Common Diseases Of Pansies – How To Treat Sick Pansy Plants

Three Rooted Pansy Seedlings
pansy root rot
(Image credit: Mary Ann Hansen, Virginia Polytechnic Institute and State University,

Pansies are cheery little plants that generally grow with very few problems and minimal attention. However, diseases of pansies do occur. For an ailing pansy, treatment may consist of replacing sick pansy plants with healthier plants. The good news is that many pansy diseases are preventable. Read on to learn more about diseases of pansies.

Common Diseased Pansy Symptoms

Alternaria Leaf Spot – The first symptoms of alternaria leaf spot include tan or greenish yellow lesions turning dark brown. As the lesions mature, they may appear sunken or as concentric brown rings, often with a yellow halo. The centers of the spots may drop out. Cercospora Leaf Spot – Symptoms of cercospora leaf spot begin with purple-black lesions on lower leaves, eventually developing pale tan centers with bluish black rings and greasy looking, water-soaked lesions. Eventually, leaves turn yellow and drop off. Plant may also show tiny lesions on upper leaves. Anthracnose – When a pansy has anthracnose, it may have stunted, malformed flowers; round, pale yellow or gray spots with black edges on leaves. Water-soaked lesions on stems and stalks eventually girdle the plant, leading to plant death. Botrytis BlightBotrytis blight will result in brown splotches or spots on stems and flowers. In high humidity, a gray, web-like growth may appear on leaves and flowers. The plant may also display scattered clusters of spores. Root Rot – Common root rot symptoms include stunted growth, wilting, and yellowing of leaves, especially brown-black, mushy, or smelly roots. Powdery Mildew – Patches of powdery, white or gray blotches on flowers, stems, and leaves is a classic sign of powdery mildew, which affects appearance but usually doesn’t kill plants.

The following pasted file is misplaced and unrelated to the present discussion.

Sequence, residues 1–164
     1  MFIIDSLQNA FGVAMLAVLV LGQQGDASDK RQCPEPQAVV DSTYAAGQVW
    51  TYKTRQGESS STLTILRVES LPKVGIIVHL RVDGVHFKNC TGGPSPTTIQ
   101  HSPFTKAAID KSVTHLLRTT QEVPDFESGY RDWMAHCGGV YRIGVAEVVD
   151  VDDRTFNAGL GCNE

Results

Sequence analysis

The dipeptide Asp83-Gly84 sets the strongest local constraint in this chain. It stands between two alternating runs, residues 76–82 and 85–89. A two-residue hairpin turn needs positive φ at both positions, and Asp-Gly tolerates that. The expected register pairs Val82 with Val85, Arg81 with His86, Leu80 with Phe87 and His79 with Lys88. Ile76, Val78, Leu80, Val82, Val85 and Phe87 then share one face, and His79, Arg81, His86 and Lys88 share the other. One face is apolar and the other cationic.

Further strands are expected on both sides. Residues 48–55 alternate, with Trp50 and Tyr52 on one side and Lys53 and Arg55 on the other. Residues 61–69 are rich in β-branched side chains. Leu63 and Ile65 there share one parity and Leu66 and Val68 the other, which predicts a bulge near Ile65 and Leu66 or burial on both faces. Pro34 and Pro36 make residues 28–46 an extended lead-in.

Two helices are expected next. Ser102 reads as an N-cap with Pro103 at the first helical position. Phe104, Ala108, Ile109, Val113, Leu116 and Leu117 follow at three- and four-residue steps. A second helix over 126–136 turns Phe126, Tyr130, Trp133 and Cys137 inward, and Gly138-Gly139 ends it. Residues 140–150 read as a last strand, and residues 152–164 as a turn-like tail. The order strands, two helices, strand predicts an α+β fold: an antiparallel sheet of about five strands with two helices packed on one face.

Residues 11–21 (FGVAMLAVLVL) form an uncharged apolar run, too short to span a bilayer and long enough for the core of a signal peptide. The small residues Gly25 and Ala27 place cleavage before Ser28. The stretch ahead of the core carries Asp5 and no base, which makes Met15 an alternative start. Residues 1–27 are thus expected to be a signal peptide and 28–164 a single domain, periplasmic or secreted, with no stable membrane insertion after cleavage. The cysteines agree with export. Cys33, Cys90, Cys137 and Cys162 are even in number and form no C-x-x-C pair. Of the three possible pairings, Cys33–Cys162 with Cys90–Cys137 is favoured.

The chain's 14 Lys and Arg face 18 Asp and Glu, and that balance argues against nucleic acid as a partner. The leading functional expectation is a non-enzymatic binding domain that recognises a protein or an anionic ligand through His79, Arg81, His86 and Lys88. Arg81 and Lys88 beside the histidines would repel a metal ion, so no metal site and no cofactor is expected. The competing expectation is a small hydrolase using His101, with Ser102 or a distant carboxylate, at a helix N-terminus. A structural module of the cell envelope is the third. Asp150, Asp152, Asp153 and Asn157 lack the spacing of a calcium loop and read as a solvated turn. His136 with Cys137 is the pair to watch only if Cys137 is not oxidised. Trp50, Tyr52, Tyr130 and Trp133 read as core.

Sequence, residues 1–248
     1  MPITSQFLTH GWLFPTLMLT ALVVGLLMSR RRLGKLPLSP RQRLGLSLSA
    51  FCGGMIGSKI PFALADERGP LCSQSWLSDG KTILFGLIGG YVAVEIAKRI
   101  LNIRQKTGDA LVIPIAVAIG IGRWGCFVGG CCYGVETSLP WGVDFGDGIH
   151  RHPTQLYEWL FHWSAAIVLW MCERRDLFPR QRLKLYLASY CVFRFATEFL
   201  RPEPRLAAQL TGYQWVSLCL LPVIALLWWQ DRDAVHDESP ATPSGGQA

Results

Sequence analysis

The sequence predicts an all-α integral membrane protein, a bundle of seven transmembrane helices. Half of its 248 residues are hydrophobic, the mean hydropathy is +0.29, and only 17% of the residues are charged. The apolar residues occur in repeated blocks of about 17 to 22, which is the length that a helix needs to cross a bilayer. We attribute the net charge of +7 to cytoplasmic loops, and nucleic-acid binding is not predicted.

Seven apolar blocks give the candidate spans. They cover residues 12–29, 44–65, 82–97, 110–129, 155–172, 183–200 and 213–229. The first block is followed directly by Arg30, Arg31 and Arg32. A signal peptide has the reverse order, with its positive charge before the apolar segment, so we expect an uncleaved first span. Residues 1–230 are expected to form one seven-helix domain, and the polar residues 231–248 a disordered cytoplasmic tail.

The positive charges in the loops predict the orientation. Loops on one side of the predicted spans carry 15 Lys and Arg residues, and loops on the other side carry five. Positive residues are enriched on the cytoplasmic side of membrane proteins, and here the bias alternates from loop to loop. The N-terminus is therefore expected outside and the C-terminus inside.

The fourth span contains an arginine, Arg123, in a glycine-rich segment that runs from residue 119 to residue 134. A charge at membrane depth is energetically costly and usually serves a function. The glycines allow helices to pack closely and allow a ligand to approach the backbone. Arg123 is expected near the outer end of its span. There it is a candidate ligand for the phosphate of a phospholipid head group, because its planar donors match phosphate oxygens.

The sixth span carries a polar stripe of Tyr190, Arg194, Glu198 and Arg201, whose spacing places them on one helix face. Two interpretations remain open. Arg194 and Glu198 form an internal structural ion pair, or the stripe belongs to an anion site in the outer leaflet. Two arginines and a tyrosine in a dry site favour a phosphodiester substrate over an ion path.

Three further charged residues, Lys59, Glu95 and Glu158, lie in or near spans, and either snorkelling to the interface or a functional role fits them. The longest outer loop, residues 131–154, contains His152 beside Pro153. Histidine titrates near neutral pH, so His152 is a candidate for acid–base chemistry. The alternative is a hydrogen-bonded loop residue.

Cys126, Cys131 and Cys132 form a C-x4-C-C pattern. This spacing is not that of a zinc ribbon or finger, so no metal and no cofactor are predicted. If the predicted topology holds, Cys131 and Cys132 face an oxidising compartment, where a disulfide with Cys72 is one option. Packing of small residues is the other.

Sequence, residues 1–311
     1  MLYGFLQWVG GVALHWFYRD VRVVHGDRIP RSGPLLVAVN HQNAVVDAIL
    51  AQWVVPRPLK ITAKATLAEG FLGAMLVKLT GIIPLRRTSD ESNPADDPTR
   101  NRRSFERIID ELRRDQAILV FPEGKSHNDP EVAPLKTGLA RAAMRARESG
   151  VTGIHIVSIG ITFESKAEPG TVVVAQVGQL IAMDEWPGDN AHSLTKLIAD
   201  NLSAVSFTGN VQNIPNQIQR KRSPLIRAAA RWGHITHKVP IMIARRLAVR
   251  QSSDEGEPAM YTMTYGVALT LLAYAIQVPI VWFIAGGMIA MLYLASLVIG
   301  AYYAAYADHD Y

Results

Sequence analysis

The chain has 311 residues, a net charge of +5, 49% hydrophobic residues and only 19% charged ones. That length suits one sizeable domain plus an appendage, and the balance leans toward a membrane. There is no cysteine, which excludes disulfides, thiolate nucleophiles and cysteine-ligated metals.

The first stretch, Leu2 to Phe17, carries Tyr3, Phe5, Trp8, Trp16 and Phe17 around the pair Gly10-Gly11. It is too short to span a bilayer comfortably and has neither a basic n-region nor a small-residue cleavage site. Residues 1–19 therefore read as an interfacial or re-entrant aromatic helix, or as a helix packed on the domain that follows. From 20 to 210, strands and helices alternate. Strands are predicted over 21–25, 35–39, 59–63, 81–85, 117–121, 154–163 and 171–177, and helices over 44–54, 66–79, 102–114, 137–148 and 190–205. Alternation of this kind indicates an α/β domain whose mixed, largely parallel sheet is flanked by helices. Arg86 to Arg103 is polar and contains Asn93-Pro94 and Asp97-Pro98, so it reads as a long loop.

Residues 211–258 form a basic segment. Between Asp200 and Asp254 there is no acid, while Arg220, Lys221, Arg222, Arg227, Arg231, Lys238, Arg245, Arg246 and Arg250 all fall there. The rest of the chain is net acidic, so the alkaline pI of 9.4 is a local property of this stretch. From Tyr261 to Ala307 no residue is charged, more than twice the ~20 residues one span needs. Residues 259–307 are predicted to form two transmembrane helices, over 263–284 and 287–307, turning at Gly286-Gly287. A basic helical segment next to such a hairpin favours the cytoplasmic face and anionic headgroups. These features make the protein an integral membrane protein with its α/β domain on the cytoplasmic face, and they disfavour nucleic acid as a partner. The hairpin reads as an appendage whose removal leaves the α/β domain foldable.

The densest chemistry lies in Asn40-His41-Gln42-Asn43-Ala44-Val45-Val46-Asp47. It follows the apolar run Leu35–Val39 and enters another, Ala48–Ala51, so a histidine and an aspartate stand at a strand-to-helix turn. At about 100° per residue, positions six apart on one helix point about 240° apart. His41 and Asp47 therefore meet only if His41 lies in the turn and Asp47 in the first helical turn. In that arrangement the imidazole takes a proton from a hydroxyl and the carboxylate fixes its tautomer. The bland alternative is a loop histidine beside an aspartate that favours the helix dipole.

Control of Pansy Diseases

Plant only healthy, disease-free transplants or seeds from reputable nurseries. Destroy all diseased leaves and other plant parts as soon as they’re discovered. Keep flowerbeds free of debris. Clean flower beds thoroughly at the end of the blooming season. Also, clean and disinfect containers. Avoid planting pansies in areas that have been affected by disease. Keep foliage and blooms as dry as possible. Water by hand with a hose or use a soaker hose or drip system. Avoid overhead watering. Avoid over-fertilization.

Mary H. Dyer

A Credentialed Garden Writer, Mary H. Dyer was with Gardening Know How in the very beginning, publishing articles as early as 2007.